Comments about the ending aside, I really loved this book. From the title (taken from a Placebo song) to the  formatting to the photos to the mystery to the general teen angst, I was completely there and in it. This book is definitely worth a look, if for nothing else than to experience the journey of it.

Buy this on Amazon
Buy this at a local indie through Indie Bound

3/5 stars (the ending knocked it down a bit for me)

Tuesday, September 13, 2011

Review: The Night Circus

It's rare that a book's atmosphere overshadows its plot, but in Erin Morgenstern's debut novel, The Night Circus, I found myself caring less about what was happening and more about where it was happening. Specifically, the night circus of the title, Le Cirque des Rêves.

Le Cirque des Rêves rolls into town unannounced, sets up without fanfare, and opens its gates at dusk. It is exquisitely detailed, every inch of it black or white, and is filled with tents that boggle the mind or tear at our sense of possibility. Explore all you want - there's always more to see.

The plot itself is interesting, too, although it is overshadowed by what feels like the main character, the circus. The story begins with two master magicians and a bet. Each magician chooses a student - Celia and Marco, in this instance, although the bet has been played out by these two magicians before - and teaches them all they need to know in order to win the game they're playing. The game, though, is never explained to the students, and they are left filling in the details for themselves as they go.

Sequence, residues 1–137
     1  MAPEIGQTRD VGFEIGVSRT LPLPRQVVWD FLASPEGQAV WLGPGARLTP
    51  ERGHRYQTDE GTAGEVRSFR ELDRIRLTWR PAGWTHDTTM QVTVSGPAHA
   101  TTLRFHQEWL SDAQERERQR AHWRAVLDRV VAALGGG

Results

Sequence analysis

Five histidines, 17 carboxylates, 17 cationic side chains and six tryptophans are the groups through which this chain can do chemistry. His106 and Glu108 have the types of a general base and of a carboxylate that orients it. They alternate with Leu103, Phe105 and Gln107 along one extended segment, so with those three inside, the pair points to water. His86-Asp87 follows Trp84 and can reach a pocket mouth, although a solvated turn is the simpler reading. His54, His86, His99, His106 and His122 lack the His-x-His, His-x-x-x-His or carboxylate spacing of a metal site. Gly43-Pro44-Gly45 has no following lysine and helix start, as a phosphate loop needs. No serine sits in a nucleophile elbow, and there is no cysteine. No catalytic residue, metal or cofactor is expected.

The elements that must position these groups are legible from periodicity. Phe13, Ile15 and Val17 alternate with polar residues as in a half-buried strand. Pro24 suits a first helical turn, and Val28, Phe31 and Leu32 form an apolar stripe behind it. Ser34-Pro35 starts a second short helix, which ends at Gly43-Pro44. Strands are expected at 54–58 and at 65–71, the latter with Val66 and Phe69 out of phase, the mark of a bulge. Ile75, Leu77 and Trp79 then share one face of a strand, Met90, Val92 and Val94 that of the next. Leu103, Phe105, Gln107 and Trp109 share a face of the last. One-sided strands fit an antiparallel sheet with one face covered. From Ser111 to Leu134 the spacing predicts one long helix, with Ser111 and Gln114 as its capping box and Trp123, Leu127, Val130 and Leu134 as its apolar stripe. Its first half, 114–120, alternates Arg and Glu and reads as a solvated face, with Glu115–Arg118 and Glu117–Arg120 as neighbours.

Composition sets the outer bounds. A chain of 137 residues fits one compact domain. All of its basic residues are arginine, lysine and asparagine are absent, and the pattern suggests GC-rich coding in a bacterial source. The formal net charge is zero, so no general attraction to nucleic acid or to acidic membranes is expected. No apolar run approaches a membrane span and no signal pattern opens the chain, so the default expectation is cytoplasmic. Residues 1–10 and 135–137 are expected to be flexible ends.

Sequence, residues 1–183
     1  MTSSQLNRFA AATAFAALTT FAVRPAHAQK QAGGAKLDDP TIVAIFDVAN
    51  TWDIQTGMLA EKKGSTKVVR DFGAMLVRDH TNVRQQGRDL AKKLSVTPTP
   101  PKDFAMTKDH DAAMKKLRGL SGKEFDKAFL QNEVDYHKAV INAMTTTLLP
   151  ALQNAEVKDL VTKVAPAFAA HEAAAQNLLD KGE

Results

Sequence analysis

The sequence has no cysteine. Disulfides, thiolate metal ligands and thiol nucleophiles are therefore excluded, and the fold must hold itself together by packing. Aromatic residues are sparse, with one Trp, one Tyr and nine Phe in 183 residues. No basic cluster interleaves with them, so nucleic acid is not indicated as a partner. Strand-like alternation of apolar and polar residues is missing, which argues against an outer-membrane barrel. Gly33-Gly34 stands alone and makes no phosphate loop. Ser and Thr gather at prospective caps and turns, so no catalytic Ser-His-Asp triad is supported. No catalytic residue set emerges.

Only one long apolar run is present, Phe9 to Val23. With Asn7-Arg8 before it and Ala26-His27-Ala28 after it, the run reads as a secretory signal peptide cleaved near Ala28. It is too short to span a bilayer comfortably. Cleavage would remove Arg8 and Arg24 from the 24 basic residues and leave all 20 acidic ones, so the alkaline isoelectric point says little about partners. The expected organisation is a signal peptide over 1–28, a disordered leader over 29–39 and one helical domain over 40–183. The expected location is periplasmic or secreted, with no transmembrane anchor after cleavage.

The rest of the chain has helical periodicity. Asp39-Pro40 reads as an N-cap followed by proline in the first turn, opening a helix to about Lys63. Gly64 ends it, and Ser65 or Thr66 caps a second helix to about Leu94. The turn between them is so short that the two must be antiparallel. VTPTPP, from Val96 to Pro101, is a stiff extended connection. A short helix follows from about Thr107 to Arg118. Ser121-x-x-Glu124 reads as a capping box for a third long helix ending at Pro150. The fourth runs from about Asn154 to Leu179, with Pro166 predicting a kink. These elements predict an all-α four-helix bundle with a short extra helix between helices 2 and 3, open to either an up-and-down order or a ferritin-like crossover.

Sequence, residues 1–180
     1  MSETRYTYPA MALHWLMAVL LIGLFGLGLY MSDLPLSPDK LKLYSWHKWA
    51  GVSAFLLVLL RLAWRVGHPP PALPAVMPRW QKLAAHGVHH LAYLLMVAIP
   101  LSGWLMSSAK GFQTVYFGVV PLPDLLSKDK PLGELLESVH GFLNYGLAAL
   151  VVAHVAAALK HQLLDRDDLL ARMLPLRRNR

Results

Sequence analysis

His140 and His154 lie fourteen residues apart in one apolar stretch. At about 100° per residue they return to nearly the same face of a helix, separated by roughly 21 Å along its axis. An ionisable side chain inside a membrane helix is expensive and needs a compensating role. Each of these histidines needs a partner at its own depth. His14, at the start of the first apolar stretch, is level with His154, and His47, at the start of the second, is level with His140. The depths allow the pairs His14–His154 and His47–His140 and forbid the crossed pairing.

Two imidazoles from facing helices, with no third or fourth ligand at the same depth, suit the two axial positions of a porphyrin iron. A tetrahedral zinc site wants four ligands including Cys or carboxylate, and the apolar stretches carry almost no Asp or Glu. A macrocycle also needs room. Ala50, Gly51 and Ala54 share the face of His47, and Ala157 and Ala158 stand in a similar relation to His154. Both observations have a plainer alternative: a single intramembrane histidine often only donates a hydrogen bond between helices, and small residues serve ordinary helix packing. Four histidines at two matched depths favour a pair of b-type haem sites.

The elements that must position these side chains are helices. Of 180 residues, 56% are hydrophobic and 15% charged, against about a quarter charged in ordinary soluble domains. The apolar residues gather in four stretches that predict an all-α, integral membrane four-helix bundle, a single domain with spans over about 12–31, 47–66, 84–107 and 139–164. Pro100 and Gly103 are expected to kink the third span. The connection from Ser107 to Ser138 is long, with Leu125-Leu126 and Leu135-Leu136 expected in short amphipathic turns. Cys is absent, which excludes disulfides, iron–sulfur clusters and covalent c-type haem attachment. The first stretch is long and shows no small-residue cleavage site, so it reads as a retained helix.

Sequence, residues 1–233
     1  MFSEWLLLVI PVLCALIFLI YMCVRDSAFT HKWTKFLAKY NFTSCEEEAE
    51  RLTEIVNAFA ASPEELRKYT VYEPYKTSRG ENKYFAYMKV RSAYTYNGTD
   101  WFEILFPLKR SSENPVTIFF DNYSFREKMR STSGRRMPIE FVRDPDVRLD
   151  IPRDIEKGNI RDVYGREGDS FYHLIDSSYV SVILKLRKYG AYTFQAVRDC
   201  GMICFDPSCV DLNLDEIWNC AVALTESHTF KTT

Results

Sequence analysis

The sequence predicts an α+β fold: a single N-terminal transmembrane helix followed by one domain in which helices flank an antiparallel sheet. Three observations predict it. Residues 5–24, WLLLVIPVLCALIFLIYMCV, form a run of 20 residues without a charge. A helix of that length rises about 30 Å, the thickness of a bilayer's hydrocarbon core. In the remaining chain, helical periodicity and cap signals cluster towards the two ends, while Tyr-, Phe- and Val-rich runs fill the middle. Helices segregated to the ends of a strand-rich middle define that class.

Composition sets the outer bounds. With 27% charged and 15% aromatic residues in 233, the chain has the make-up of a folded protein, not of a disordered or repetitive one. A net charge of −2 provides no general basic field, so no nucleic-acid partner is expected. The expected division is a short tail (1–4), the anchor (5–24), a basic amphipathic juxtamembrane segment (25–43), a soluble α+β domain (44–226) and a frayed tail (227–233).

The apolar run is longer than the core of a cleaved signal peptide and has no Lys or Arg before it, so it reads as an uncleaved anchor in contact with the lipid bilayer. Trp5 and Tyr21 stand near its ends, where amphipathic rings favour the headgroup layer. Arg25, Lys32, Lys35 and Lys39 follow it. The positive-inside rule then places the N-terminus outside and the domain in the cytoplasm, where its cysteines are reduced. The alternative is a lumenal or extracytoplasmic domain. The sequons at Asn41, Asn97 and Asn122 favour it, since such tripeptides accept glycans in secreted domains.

Add to that a plot about a boy, Bailey, who first encounters the circus as a child, then comes across it again as a man deciding whether to take on the family business or strike out on his own. At first, the story jumps back and forth between these two plot lines, but of course, they begin to converge.

Like I said, though, the atmosphere of the book mattered so much more to me than the actual plot. Sure, I was interested in the story behind the circus and how the game between Celia and Marco was to be played out, but when I finally got to the ending, I didn't care much anymore. I was just upset to see my journey with the circus end.

Truth be told, I was not entirely happy with the climax of the book as I was reading it. It felt a bit rushed and out of place. When I read it, I thought it might have ruined an otherwise beautiful book. It's been a little while since I finished the book, though, and I'm coming to terms with the ending. In hindsight, it seems right and just - and the only way to keep the circus alive, which is just how I want it.